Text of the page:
Mr.. Roebuck haspublished in the Daily-Hews a letter of explanation on the matters connected with the statement of Mr. Coppoek, which we mentioned last week. He does not contradict any of Mr. Coppock's statienents, but he adds other particulars of his own electioneering ad- ventures ; and he expresses. more kindly feelings towards Mr. Coppock hiMselrthan his language in. the House of Commons was understood to imply. As to his correspondence with Mr. Coppock about the Bath elec- tion, he confesses that he. had forgot it.

Result of the Registrar-General's return of mortality in the Metropolis for the week ending on Saturday last—

of 1841-50. orate.

'nnate' Di-wanes Dropsy,. Cancer,,andother diseases of uncertain orvariable seat,

1,575, ....

628 .... 207 64 Tubercular Diseases 1,834 .... 196 Diseases of the Brain, Spinal narrow, Nerves, and Senses 1,265 .... 127 Diseases of the Hearrand Blood-vossela 345 .... 49 Diseases of the Lunge, and of the other Organs of Respiration , 2,081 ..... 231 Diseases of the Stonlach, Liver, and other Organs of Digestion 679 .... 61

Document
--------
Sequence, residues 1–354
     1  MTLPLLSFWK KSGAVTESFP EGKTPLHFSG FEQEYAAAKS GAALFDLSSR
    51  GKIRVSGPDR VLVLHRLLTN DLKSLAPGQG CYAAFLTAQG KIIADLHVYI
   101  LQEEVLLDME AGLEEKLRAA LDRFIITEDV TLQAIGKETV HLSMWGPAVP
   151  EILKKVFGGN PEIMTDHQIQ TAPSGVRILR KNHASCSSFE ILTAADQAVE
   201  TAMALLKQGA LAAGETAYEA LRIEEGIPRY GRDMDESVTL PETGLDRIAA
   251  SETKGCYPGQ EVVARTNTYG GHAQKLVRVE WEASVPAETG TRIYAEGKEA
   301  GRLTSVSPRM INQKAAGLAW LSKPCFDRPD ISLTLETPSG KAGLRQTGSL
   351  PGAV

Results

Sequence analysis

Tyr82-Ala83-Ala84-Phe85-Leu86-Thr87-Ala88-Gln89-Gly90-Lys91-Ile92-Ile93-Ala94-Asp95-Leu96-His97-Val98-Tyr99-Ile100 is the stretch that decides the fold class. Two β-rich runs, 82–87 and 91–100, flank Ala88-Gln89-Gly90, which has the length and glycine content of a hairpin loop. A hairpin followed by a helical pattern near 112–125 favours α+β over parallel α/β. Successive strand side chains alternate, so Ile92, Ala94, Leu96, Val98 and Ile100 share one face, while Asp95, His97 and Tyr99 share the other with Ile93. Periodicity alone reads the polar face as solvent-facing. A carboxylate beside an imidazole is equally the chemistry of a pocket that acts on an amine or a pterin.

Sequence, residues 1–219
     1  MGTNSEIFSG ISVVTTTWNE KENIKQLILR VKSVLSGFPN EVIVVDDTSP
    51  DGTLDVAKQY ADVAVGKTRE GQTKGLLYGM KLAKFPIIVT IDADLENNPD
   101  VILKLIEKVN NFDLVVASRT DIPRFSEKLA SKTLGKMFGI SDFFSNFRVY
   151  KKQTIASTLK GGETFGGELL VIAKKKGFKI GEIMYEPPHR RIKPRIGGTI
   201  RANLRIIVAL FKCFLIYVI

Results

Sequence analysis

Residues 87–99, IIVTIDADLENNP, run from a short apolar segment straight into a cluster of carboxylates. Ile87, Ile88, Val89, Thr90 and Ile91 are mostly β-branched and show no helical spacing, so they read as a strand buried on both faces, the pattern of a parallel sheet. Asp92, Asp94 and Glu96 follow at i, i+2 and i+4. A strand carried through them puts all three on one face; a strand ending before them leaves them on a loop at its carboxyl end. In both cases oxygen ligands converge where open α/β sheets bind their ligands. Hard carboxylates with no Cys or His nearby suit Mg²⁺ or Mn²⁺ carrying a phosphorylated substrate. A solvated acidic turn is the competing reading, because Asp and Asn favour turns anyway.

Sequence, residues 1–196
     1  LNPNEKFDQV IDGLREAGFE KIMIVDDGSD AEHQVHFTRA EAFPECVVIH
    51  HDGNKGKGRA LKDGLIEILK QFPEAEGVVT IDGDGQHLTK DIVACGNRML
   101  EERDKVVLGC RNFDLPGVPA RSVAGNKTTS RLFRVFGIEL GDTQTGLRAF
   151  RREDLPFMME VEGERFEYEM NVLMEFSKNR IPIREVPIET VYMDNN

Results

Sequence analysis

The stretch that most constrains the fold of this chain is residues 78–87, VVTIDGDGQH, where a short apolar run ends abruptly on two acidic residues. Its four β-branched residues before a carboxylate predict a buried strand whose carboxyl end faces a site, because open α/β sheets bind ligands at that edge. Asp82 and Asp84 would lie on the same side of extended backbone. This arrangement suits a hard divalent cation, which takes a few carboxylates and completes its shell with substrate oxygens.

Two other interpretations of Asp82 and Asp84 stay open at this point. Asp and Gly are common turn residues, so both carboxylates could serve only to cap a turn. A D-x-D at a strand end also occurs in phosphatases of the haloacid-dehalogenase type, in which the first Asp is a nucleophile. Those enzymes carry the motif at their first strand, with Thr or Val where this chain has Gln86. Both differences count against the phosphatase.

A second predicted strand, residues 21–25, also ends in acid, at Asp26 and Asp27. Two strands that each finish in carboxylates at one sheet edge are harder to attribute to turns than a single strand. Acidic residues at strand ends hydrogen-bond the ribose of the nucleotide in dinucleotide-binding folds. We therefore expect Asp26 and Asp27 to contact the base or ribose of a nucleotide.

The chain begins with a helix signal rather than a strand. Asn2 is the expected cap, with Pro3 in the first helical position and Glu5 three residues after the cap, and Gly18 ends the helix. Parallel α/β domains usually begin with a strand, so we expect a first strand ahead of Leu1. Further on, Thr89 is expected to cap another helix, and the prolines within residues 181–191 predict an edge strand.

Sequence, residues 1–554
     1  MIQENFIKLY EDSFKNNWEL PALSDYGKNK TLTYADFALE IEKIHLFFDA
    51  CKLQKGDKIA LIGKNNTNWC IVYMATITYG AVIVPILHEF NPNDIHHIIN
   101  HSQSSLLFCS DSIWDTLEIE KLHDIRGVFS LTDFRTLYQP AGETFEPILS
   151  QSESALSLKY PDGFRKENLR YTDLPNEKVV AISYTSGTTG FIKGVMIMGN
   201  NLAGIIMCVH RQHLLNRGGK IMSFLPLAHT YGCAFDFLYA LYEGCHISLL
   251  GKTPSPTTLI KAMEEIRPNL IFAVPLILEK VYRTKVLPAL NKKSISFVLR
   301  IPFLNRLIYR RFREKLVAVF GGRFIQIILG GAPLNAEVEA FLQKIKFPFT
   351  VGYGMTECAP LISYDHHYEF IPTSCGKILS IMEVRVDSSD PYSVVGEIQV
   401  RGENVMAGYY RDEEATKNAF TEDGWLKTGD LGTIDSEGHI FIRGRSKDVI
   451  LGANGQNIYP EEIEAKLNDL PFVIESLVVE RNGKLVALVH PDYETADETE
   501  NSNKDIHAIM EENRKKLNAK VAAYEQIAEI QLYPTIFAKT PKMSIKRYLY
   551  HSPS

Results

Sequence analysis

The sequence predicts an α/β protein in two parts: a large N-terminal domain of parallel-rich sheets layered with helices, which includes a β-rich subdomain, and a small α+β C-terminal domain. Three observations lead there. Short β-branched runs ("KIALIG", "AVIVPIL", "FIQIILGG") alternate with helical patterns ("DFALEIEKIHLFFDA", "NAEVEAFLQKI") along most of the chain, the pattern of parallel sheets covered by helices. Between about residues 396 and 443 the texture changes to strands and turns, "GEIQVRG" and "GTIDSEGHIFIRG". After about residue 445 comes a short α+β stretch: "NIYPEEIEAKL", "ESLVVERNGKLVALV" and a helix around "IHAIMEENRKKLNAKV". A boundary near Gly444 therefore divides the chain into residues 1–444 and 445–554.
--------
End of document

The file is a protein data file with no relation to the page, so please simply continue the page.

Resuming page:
Diseases of the Kidneys. Et

ill .... 20

Childbirth, diseases of the Uterusone


Rheumatism, diaeases of thelSones,10Ints,&e.. ..... 68 .... 10 Diseases of the Skin, Cellular Tissue, Se 14 .... 3 Malformations 12 .... 2 .... ..... 238'

//trophy.- ............ ......... ...... ......... ....... ....... ..... 167. .... 23 Age 554 40 ....

Sudden 130 10 ....

Violence, Privation, Cold, and Intemperance 258 .... 34

— — Total (including unspecified causes) 10,208 1,128

Lord Derby loves& joke, and not unfrequently indulges in one at the ex- pense of his own friends. It is reported that a friend meeting. his Lordship the other day, made the usual inquiry after his health and his Ministry. "I em quite well, and happy to say that the Babies also are as well as can be ex- pected," was the reply.—Daily Hews.

The Bengal Iturkaru states that Tien Teh, the new Emperor of China, is a Christian ; having been baptized by the late Dr. GuUlaff.

The Reverend George Evison; formerly priest of the Roman. Catholic congregation at Portsea, was admited into the Protestant Church- at St. Paul's, Bermondsey, on Sunday last.